You Ain’t Gonna Need It is an XP practice that encourages developers to focus on the requirements at hand right now. It warns against the tendency to over-engineer by developing features based on what you think you will need later. Easy in theory. Hard in practice.
I’ve noticed that developers, especially those just starting out, tend to apply YAGNI narrow-sightedly. I often see it being strictly adhered to at face-value only, by developers always choosing to do what seems to be the most obvious and straightforward thing at the time, without putting any thought into the design implications of their choices. When suggesting other options that seem to be less simple on the surface, they YAGNI argument gets used. “Oh, that’s YAGNI.”
YAGNI encourages simplicity. But many developers read simple as easy, which can lead to design problems with their code that easily have been avoided. An easy solution doesn’t require any thought or skill. A simple solution involves elegance, is purposeful, and is built with extensibility and evolvability in mind. (Rich Hickey, the creator of Clojure, gave a wonderful talk along these same lines in 2011. Simple Made Easy)
As an example of YAGNI Blinders, take internationalization (i18n) of a web-app. Usually, the first requirement is to support only a single language, with support for other languages pretty far down the line. A classic YAGNI solution here: hard coding everything in the HTML files. Done. (I’ll come back to this soon….)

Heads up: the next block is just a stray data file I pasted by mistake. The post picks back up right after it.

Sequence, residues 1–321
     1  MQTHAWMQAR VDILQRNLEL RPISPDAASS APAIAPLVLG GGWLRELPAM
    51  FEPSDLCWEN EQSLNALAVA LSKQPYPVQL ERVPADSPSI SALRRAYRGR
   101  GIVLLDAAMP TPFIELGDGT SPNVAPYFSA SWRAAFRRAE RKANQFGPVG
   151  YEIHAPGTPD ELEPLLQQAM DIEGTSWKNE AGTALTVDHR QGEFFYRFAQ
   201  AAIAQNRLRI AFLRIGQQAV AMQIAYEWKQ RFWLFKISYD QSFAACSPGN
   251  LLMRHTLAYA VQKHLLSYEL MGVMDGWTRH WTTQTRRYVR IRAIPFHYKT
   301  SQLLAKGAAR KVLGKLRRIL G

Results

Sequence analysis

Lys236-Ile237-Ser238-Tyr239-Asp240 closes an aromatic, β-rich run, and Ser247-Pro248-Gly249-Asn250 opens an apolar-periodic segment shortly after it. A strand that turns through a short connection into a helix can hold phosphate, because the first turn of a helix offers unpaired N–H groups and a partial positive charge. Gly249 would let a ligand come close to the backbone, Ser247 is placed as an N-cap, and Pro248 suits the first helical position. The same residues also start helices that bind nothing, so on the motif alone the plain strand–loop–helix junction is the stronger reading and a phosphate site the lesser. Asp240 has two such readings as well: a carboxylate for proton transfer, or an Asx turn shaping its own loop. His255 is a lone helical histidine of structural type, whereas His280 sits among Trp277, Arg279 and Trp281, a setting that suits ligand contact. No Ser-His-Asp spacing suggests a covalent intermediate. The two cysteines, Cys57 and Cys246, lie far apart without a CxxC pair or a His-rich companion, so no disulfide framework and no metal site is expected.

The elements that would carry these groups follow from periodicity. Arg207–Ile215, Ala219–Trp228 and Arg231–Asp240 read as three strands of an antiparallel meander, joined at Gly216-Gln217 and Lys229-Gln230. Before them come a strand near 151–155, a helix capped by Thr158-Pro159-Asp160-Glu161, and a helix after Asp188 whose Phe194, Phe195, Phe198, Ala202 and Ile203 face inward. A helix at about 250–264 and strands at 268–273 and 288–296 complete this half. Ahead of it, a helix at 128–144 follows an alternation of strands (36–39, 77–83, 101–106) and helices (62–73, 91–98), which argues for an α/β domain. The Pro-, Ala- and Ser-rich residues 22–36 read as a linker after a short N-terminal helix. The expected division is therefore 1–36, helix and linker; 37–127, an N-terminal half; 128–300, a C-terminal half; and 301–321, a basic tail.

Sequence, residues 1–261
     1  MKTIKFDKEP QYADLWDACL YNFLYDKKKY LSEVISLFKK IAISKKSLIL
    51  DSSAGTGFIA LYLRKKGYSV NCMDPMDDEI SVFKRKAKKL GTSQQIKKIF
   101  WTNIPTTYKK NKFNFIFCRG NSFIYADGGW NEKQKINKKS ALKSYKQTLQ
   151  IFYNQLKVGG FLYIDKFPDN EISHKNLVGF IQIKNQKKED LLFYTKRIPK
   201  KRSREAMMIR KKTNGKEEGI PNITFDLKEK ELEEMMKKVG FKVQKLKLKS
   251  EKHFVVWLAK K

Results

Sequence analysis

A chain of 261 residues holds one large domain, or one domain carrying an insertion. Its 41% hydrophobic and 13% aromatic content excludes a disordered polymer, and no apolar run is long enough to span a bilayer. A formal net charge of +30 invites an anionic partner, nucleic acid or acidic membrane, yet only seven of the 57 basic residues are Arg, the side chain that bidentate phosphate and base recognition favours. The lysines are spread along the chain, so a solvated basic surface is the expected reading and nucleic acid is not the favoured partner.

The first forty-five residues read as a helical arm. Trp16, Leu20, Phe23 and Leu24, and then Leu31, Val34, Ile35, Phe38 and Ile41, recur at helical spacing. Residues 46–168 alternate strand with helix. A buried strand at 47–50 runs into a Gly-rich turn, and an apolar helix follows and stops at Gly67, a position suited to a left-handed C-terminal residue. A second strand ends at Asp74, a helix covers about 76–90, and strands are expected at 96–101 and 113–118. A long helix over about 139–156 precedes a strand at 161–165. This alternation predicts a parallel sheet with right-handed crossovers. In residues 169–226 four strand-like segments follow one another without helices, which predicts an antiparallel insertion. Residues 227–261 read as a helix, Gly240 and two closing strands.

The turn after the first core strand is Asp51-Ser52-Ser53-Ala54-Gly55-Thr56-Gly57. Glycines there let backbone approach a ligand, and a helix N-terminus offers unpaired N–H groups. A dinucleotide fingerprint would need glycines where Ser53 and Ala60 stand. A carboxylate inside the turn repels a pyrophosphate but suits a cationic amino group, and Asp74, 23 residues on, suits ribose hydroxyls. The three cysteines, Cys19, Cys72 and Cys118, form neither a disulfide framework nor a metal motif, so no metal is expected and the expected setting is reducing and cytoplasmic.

See the Light!
The YAGNI argument breaks down because it does not take critical design characteristics such as readability, flexibility, and loose coupling into account. A purely YAGNI-based solution does not necessarily imply those things. By sticking to a YAGNI-only solution, you make it harder to quickly move forward later, because extensive refactoring or rewriting would be needed first. By considering simplicity along with many other design principles, you will end up with better factored code.
The most obvious choice is not always the right one. YAGNI does not mean to plow headfirst into the first solution you think of. Good design trumps. But figuring out how to satisfy the requirements at hand, while building a simple, flexible solution without gold-plating, over-engineering, or solving for unknown future requirements is hard! Good. Glad our job isn’t boring. :)
Back to i18n, instead of hard coding all the strings in the HTML, we can introduce a simple lookup mechanism. We store all our strings in a JSON file, and create a simple module that loads that file into a map structure, so that strings can be looked up by a key.
Yes, this is not the absolute easiest solution. However, it is simple, and a better design. We have better separation of concerns. We have pushed configuration (the strings) out of code, allowing them to change independently as they may change at a different rate than the application code. We could extend the lookup mechanism without changing the strings or keys. Event If we never get a requirement to add another language, this is still a better design, and we did not have to build a complex architecture involving locales, multiple languages, unicode character support, or any of the other myriad of problems that come with i18n. Not easy, but simple.
You always need good design. If you find yourself with a pair of YAGNI blinders on, ignoring design and code quality for purely YAGNI arguments, take a step back and remember that YAGNI ain’t a design principle.